As mentioned above, Embiid's total number of missed games will reach 15 before he is re-evaluated by Philadelphia's medical staff. Now, in this shortened season, Embiid will play in a maximum of 57 games barring any other setbacks related to this injury or anything rest-related down the stretch of the season.
Historically, the most games missed by an MVP was in 1977-78, when Bill Walton missed 24 games. In each of the last three seasons, the MVP has missed a total of 10 games, with Giannis Antetokounmpo appearing in 63 of a possible 73 games in 2019-20.
Both Giannis (2018-19) and James Harden (2017-18) appeared in 72 of 82 games en route to winning their first-ever MVP awards.
Generally speaking, availability is the best ability with respect to recent MVPs.
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Should Embiid return immediately after re-evaluation, he would have appeared in just under 80 percent of Philadelphia's games this season. If the number drops to a total of 50, the percentage would drop below 70 percent.
Again, for reference, the season in which Walton won MVP, he appeared in just over 70 percent of games. That season, however, Walton was a clear winner over runners up George Gervin and David Thompson.
The field of candidates wasn't nearly as deep as it is in 2020-21…
A crowded field
Given the amount of talent in the league this year, it comes as no surprise that there are several players worthy of legitimate MVP consideration.
In an unconventional year, it's not necessarily just the players whose teams find themselves at the top of the standings, although those teams have players that are right there in the mix. For the majority of the season, it has felt like LeBron James is well on his way to winning his fifth MVP in Year 18 but the West also has Kawhi Leonard, Nikola Jokic, Damian Lillard, Luka Doncic and Stephen Curry each receiving consideration.
While LeBron's Los Angeles Lakers and Kawhi's LA Clippers have each been at the top of the conference this year, the Denver Nuggets and Portland Trail Blazers have relied on their MVPs to keep them afloat in the middle, while the playoff hopes of the Dallas Mavericks and Golden State Warriors almost solely rely on their MVPs.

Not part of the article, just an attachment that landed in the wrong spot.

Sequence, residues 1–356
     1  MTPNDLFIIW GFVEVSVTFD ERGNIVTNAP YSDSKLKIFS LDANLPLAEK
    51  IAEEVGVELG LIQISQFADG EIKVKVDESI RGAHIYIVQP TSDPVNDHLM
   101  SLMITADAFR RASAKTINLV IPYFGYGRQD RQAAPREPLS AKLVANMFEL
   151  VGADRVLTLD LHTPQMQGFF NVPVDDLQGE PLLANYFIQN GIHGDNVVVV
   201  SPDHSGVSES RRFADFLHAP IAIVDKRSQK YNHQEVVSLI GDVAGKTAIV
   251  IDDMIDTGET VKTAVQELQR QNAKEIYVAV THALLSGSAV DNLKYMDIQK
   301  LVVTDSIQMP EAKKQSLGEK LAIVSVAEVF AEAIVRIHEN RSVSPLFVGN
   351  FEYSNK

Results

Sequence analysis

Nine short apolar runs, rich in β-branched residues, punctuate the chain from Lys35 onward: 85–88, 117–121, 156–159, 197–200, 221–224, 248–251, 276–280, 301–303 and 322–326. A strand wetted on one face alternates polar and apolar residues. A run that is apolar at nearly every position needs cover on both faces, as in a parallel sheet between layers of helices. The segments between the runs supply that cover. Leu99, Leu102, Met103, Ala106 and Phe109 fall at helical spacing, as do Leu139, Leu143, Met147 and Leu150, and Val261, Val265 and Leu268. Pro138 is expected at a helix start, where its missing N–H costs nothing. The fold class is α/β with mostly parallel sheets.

In the East, Harden has entered the conversation due to his stellar play as a Net while voter fatigue has almost caused us to underappreciate what Giannis is doing with the Bucks. If Milwaukee continues to rise up the standings toward a third consecutive first-place finish, a back-to-back-back MVP could be in the cards for Antetokounmpo.
As for Embiid, the narrative surrounding his MVP case is a fun one.
For No. 21, the 2020-21 season marks the 20-year anniversary of Allen Iverson becoming the last 76er to be named MVP. On top of that, it's been 21 years since a centre won MVP, with Shaquille O'Neal taking home the honour following the 1999-00 season.
There might be too much working against Embiid this season but considering the fact he's only turning 27, his name will be right back in the conversation in the coming years. There's also one more MVP trophy that'll be handed out in July that I'm sure Embiid and the Sixers wouldn't mind at all.
We'll see how it goes…